port-container-congestion► In today’s Spokesman-Review — Businesses complain of delays at West Coast ports — Shipping delays at West Coast ports are hurting a wide range of Washington businesses, a pair of Senate committees was told Wednesday. The blame was laid on a wide array of problems, including inadequate roads and railways, slow development of new terminals, shortages of storage and equipment, and a labor dispute between the longshoremen unions and shippers. What the Legislature can do about those problems in the short term, however, appears limited.

ALSO at The Stand — Shippers admit congestion not workers’ fault

► From Reuters — U.S. shippers cancel overnight loaders at California ports — Negotiators for shipping lines and terminal operators at 29 ports on the U.S. West Coast on Tuesday said they would no longer assign crews to load and unload cargo ships overnight at the massive Los Angeles and Long Beach docks. The move comes a day after the Pacific Maritime Association said the region’s five largest ports had seen backups “approaching complete gridlock,” as contentious contract talks with the dockworkers union have stalled.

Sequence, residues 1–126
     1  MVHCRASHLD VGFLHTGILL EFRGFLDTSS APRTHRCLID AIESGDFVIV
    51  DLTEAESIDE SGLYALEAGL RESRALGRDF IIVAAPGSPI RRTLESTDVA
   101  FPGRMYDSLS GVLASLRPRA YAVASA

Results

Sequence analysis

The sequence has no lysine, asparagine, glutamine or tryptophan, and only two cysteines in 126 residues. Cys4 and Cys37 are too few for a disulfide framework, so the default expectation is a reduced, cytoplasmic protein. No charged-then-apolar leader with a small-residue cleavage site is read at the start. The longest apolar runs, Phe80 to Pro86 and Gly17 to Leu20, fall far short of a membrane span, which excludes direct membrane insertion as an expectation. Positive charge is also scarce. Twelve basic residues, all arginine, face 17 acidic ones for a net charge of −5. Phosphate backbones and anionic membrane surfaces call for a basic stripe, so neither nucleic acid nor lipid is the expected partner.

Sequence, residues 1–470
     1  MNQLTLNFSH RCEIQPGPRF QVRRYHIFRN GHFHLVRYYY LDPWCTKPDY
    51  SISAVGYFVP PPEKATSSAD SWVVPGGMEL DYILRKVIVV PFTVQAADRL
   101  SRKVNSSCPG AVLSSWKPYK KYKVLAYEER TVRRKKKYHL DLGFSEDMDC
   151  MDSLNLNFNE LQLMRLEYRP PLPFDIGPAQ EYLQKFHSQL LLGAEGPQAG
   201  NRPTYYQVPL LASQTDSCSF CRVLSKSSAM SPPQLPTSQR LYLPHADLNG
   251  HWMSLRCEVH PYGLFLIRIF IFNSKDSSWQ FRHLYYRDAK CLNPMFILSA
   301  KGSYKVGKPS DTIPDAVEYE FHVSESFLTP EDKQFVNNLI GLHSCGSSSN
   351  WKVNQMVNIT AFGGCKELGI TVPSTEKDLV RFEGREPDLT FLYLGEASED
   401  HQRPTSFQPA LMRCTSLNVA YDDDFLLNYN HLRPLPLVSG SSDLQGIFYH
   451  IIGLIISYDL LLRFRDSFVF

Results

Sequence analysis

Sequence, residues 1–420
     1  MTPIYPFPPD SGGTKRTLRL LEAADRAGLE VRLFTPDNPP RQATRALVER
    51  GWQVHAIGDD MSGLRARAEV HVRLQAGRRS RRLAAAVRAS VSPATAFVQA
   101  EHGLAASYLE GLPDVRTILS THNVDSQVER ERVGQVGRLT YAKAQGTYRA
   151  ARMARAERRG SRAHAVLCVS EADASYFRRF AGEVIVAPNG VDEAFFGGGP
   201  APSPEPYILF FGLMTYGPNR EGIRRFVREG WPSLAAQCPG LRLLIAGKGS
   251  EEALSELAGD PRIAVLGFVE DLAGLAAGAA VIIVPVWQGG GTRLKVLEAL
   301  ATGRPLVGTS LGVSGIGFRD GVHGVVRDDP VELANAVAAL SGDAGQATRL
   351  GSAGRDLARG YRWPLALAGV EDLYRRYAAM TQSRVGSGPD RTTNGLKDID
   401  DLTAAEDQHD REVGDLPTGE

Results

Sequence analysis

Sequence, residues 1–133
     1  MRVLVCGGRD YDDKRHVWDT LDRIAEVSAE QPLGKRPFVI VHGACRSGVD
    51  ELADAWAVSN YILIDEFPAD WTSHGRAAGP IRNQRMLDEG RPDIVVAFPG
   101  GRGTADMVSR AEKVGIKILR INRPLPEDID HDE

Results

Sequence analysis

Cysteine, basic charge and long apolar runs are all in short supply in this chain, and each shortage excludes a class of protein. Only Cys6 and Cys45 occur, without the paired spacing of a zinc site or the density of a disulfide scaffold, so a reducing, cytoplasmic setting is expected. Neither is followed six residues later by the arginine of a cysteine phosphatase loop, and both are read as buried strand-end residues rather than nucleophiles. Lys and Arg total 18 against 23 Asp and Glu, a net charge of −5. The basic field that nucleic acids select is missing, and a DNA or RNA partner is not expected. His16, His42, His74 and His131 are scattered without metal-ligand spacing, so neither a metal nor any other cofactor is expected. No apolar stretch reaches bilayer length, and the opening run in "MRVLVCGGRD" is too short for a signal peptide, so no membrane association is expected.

► In today’s (Everett) Herald — $3.8 million port upgrade will allow it to handle heavier cargo — Construction workers are driving massive steel piles deep into the seabed below the Port of Everett’s South Terminal as part of a $3.8 million upgrade. The improvements will allow the terminal to support the port’s behemoth mobile harbor crane and to handle heavier cargo that can be directly rolled on or off a waiting freighter.




microsoft► In today’s Seattle Times — Labor issues at Microsoft prompt talk of policy changes — A group of workers employed by a Microsoft contractor successfully organized a union — a rare feat in the tech industry — and is now bargaining with its company over a contract. Meanwhile, Microsoft said the company is considering changes to its vendor policies in an effort to “positively influence working conditions at our suppliers.”

► In today’s P.S. Business Journal — Why Beverly Wyse’s move is a big win for South Carolina and Boeing’s plans there — Wyse’s inclusive and supportive management style could help empower workers at Boeing’s North Charleston facility. One way that technology companies have avoided unions is by adopting more inclusive management styles that bring people together more naturally and empower them. Wyse might be just the person to do that in North Charleston.

► In today’s P.S. Business Journal — Elon Musk looks to poach Microsoft, Boeing workers as SpaceX plans huge new Seattle office — Elon Musk, CEO of SpaceX and founder of Tesla Motors, said that the company would soon have a satellite engineering office in the Seattle area that may employ up to 1,000 people.

► In today’s Seattle Times — Facebook doubling Seattle engineering office — Persistent rumors about Facebook needing more space for its fast-growing Seattle engineering team were correct but it isn’t moving to a new building just yet.

► In the P.S. Business Journal — Legion of (economic) Boom: Downtown Seattle to get $6 million boost from Seahawks playoff games